TUNIS (Reuters) – Polls opened on Saturday in a Tunisian parliamentary election that will tighten President Kais Saied’s grip on power, capping what his opponents denounce as a march to one-man rule over a country that shook off dictatorship in 2011.
Taking place 12 years to the day after vegetable seller Mohamed Bouazizi set himself on fire in an act of protest that sparked the Arab Spring, the vote is being boycotted by political parties which have accused Saied of mounting a coup.
Voters will be choosing a parliament largely defanged by a new constitution, approved with a low turnout in a July referendum that was engineered by Saied to shift Tunisia back towards a presidential system.
Nejib Chebbi, head of an anti-Saied coalition including Ennahda, has labelled the election a “still-born farce”.
Saied shut the previous parliament down last year, surrounding the legislature with tanks and assuming near total authority.
The vote appears to have stirred little interest among a population jaded by political dysfunction and struggling with economic hardship.
Voting is due to take place from 8 a.m.- 6 p.m. (0700 GMT-1700 GMT).
Saied, a former law lecturer who was a political independent when elected president in 2019, has described the election as part of a roadmap for ending the chaos and corruption he says afflicted Tunisia under the previous system.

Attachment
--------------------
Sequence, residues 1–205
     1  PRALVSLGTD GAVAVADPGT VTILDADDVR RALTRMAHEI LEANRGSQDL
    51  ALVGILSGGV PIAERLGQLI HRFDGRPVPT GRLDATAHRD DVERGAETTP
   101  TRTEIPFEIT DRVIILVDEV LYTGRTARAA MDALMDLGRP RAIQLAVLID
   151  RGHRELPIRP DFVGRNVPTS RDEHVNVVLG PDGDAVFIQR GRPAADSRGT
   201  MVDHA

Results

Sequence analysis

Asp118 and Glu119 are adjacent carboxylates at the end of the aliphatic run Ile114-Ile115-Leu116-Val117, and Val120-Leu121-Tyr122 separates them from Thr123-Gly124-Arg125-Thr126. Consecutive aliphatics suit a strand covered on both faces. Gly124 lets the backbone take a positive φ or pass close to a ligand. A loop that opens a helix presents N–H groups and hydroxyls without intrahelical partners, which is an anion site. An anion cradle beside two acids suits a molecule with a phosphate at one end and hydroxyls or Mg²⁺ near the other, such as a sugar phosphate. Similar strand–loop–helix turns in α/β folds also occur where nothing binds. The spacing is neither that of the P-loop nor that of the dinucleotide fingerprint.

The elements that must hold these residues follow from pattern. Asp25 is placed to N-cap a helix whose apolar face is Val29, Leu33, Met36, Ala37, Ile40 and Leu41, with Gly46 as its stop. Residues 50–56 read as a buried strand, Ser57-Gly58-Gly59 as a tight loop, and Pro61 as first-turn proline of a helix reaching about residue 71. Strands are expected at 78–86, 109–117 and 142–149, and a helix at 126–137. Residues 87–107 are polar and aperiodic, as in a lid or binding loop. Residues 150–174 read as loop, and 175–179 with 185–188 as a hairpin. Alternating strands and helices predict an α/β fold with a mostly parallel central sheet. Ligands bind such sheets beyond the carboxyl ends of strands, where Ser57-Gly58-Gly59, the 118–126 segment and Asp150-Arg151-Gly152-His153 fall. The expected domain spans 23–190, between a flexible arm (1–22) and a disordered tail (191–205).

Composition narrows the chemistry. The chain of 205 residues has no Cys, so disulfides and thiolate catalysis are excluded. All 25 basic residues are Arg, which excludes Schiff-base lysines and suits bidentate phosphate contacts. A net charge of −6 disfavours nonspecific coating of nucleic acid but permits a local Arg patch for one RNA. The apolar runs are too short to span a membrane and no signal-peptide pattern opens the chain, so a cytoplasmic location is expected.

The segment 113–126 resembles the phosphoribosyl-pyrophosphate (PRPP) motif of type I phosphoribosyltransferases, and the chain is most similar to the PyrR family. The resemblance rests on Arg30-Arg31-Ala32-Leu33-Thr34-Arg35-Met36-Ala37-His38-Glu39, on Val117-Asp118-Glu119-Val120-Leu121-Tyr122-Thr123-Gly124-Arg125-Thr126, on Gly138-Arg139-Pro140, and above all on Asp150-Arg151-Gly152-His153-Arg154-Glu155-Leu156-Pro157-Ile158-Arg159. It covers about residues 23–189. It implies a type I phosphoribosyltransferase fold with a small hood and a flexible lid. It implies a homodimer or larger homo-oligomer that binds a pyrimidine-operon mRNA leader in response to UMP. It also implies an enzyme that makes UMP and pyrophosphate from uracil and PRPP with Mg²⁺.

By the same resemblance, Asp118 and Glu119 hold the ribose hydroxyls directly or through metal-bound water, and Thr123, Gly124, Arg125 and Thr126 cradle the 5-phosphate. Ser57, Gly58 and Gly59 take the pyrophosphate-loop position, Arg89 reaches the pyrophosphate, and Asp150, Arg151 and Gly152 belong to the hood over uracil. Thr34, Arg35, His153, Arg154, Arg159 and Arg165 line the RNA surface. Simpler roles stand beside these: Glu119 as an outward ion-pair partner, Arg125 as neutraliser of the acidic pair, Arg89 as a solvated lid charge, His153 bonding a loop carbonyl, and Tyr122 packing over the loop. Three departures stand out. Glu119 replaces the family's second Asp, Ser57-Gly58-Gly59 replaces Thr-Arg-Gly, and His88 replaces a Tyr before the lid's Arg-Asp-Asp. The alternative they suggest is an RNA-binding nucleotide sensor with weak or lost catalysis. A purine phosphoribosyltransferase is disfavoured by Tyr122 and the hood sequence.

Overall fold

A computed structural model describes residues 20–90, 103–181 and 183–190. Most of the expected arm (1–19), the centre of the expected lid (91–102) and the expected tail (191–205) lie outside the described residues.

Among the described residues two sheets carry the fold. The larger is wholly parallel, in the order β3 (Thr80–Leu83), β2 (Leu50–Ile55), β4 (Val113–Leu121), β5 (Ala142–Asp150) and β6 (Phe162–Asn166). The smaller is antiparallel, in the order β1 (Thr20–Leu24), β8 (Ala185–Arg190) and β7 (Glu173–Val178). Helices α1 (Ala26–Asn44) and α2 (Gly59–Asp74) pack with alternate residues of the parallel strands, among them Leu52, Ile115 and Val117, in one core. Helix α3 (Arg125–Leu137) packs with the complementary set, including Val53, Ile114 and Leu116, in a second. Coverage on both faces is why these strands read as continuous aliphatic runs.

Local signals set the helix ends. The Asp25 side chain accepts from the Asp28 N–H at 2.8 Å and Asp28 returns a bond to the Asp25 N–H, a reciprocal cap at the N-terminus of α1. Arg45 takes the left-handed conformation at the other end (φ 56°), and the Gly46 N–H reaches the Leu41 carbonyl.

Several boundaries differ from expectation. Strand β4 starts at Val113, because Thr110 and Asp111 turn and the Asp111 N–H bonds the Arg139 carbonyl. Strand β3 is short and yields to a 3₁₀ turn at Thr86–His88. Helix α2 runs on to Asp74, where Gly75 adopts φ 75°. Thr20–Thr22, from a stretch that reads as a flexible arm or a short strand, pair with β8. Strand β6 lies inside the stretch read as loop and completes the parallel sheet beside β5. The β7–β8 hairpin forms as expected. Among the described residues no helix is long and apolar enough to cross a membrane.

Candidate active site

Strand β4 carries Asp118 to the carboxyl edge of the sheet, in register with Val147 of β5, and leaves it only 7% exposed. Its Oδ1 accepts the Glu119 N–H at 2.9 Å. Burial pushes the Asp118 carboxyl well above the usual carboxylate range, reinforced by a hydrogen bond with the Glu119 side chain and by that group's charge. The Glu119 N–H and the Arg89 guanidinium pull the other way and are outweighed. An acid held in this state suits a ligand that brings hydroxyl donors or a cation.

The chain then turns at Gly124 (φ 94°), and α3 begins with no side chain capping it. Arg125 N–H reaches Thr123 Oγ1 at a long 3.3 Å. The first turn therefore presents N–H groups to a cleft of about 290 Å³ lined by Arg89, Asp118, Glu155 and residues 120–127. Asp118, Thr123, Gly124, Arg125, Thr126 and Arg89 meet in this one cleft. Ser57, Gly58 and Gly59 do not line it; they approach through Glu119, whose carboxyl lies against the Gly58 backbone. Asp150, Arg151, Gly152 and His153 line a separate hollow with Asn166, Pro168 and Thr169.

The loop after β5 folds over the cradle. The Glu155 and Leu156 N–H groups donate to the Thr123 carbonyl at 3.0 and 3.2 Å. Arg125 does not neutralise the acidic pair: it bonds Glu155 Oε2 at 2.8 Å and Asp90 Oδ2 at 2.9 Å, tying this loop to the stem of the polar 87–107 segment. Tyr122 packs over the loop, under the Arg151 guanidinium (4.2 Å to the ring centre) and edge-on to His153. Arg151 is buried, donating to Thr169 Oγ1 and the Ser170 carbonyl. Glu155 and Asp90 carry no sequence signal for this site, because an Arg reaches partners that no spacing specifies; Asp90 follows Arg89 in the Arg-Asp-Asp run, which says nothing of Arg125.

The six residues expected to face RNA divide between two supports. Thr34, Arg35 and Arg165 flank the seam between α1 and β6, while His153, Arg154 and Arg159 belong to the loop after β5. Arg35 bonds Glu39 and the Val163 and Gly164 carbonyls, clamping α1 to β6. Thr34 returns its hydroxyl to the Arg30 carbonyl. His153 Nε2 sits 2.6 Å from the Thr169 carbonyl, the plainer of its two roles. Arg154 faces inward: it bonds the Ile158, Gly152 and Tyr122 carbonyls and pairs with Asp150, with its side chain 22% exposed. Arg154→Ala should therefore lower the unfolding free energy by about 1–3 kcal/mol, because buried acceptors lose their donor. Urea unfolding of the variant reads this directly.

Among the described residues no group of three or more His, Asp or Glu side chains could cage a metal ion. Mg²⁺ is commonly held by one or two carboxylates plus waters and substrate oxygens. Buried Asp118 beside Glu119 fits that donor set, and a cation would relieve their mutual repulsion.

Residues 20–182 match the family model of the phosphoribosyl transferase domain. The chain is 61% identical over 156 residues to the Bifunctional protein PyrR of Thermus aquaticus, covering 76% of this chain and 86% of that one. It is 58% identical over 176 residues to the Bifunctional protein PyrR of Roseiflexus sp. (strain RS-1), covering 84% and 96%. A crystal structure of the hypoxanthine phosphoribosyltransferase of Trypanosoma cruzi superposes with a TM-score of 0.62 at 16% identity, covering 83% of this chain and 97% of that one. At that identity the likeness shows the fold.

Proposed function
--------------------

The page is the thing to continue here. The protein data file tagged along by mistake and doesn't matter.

His opponents including the Islamist Ennahda party meanwhile accuse him of a coup, and have rejected the ballot along with all the president’s other moves since last summer, when he dissolved parliament and began ruling by decree.
The election is taking place against the backdrop of an economic crisis that is fuelling poverty, leading many to attempt the perilous journey to Europe aboard smugglers’ boats.
With the main parties absent, a total of 1,058 candidates – only 120 of them women – are running for 161 seats.
For 10 of those – seven in Tunisia and three decided by expatriate voters – there is just one candidate. A further seven of the seats decided by expatriate voters have no candidates running at all.
(Writing by Tom Perry; Editing by Michael Perry)